Dear Editor: As noted in Bishop DiMarzio’s Put Out in the Deep column (June 16), NYS legislators are making efforts to reduce arrests related to the possession of marijuana. If they succeed marijuana, a psychoactive and addictive drug, will become affordable and easily available. Like you Bishop DiMarzio, I strongly oppose the efforts at the decriminalization of marijuana.
In the criminal justice system, I have seen a significant number of defendants, up to 80 percent of 16-24 year olds, engaged in the use of marijuana. Interviews conducted immediately after defendants have appeared before a Criminal Court Judge reveal defendants having used several blunts prior to their appearance. When subjected to toxicology screens, one discovers that the marijuana is laced with many other deadly chemicals and drugs.
I firmly believe that today’s marijuana user cannot make informed and rational decisions because their use eliminates their ability to think logically. Yet they take pleas that have a severe impact on their future.
Community partners and law enforcement work with groups of young people who appear to be emotionally crippled. They are constantly seeking ways to self-medicate, most often by the use of marijuana. When speaking to them one notes that their attention span, memory, and learning skills appear to be significantly impaired. Many of them are unable to keep appointments, to go to school or hold a job.
Decriminalization may prevent a young person from having a criminal record for life. However, the use of marijuana can also have serious adverse impact on their behavior.
Also we can expect earlier usage as well as increase usage in the adolescent population. Consequentially we can expect earlier onset of mental health issues in susceptible individuals as well social consequences such as decreased motivation and an increase in school truancy.
Marijuana use threatens the health, welfare, and safety of everyone. All we need to do is look at the dysfunction and destruction in our society caused by alcohol. We see the current impact of the misuse of prescription drugs and the increasing use of K2. The decriminalization of marijuana as it goes with addiction and behavioral health will have definite consequences.
Since the state of California legalized marijuana there has been an increase in Driving Under the Influence, as well as an increase in death due to motor vehicular accidents. When something is legal there is a general acceptance of its use, usually paired with an increase in non-medicinal, recreational use.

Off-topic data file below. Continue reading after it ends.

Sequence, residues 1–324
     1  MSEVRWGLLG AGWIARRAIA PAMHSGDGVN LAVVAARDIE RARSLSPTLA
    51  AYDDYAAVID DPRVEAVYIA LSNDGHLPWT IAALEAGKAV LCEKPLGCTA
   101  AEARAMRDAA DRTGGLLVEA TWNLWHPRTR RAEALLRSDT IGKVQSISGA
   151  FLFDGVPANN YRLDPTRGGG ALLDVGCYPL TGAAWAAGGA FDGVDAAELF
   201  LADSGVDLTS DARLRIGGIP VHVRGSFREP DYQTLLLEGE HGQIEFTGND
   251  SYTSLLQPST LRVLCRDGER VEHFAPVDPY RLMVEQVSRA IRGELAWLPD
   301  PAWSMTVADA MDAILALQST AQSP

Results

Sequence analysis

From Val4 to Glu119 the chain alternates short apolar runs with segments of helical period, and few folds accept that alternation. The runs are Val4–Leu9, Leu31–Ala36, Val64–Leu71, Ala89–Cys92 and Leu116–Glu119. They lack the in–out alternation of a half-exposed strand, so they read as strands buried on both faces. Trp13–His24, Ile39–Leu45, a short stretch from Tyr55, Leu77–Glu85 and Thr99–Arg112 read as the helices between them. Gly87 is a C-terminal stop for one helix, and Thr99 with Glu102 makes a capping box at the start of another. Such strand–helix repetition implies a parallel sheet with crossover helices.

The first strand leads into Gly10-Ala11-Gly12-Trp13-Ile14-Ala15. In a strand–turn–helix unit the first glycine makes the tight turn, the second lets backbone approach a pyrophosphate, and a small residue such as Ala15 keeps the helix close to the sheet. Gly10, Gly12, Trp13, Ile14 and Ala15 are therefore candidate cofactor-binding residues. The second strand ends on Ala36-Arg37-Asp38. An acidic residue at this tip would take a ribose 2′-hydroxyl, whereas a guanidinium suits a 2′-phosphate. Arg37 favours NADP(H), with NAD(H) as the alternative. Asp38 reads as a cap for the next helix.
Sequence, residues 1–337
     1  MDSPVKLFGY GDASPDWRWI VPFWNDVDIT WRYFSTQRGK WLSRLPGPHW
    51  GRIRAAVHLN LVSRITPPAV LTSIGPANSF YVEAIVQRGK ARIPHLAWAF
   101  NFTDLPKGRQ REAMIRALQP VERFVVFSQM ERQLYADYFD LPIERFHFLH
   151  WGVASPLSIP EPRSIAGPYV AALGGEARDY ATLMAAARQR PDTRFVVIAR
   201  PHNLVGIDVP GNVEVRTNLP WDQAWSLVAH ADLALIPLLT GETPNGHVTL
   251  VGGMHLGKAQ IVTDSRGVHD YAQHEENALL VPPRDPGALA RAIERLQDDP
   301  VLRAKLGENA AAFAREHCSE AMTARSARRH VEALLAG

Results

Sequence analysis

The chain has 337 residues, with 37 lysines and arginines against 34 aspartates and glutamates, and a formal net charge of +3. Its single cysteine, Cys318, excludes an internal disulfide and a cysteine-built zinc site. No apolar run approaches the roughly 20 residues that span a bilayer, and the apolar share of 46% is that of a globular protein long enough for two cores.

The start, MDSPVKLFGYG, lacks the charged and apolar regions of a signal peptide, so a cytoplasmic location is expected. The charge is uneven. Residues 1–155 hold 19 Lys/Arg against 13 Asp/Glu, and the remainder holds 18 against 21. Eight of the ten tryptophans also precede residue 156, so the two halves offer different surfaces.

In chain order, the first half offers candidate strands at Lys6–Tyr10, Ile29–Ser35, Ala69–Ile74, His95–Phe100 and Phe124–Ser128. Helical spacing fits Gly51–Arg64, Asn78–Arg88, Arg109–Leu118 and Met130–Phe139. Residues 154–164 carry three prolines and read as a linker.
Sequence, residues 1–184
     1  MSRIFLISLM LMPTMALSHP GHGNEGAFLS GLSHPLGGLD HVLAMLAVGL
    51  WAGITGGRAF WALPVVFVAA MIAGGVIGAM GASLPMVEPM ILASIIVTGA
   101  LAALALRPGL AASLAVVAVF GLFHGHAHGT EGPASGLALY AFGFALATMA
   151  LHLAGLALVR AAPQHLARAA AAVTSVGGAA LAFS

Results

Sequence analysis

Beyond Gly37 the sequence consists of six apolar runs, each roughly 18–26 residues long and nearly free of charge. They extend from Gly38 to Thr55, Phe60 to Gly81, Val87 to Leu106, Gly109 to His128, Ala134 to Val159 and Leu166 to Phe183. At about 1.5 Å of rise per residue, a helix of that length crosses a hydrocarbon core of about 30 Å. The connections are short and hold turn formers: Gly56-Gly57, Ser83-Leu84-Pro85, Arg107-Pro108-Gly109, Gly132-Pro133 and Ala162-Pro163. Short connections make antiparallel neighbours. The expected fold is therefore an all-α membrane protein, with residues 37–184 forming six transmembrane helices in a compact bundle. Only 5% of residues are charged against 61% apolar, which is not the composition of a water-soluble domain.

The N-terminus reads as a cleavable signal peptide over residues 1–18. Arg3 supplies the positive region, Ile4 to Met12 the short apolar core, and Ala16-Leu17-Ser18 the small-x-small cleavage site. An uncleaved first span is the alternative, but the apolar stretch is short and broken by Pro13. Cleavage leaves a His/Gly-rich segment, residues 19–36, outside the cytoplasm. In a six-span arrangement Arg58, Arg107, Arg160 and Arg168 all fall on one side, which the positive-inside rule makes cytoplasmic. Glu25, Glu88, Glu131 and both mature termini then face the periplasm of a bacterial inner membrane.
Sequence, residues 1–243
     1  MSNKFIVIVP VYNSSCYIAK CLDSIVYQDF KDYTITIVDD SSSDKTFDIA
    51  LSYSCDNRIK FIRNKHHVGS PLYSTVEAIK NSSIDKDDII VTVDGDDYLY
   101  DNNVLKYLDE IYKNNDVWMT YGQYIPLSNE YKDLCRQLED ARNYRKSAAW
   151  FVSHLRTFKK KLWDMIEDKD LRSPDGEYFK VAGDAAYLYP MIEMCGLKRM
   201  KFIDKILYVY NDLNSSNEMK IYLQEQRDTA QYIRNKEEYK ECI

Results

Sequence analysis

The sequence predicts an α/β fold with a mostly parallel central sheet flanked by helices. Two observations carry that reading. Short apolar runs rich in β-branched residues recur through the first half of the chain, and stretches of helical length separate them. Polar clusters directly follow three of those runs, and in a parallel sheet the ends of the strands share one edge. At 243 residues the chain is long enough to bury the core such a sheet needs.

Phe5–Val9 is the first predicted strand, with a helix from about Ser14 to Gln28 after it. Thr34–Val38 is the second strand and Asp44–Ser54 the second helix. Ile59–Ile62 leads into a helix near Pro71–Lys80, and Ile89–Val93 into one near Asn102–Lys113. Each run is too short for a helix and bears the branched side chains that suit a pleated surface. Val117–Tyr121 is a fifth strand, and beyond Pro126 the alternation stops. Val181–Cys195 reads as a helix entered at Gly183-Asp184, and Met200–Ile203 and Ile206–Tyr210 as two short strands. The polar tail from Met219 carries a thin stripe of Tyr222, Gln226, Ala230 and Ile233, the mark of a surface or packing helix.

Are we becoming a culture that promotes drug use or encouraging our young people to continue to get “high”?
Dear Editor: Thank you for publishing Bishop DiMarzio’s article (June 16) on the dangers of marijuana use. Working with and among the many street artists in Bushwick, I see this problem face to face on a daily basis. I have absolutely no doubt that chronic marijuana usage is a “gateway” that more often than not leads to abuse and addiction with other drugs.
The only thing I don’t quite comprehend is why there aren’t any educational programs as such in our Catholic schools (albeit elementary, high, college etc.) that deal with this harsh reality in our culture. I’m not even certain such programs (or courses) are found in the curriculum of the public school system!
Educating our young people in our variant schools with the stark facts of drug abuse and addiction is blatantly absent.
FATHER FRANK MANN
Dear Editor: To Mr. Manago, who dedicated one sentence of his letter (June 9) to medical marijuana: You state that there are other drugs available for therapeutic use. You’re right. There are. They’re called opioids. (Medical cannabis (MC) can be used for more than just pain, just for the record.)
Opioid overdose is a very serious problem in this country. There were over 63,000 drug overdose deaths in the U.S. last year and it’s expected to continue to rise. MC has the potential to get patients off of opioids. MC is a far less dangerous drug. I can’t understand why it is so stigmatized.
There are many ways of administering it, not just by smoking it. It can be taken by mouth, through the skin, or by the inhalation of a mist. All medications come with risks and have side effects. The doctor and patient have to carefully weigh the benefits and risks of every drug being prescribed and then make an educated decision about it.
MC should be one of the options for the simple fact that it is very effective in treating multiple medical problems and it is far less dangerous than codeine, Vicodin, Oxycontin, and other opioids.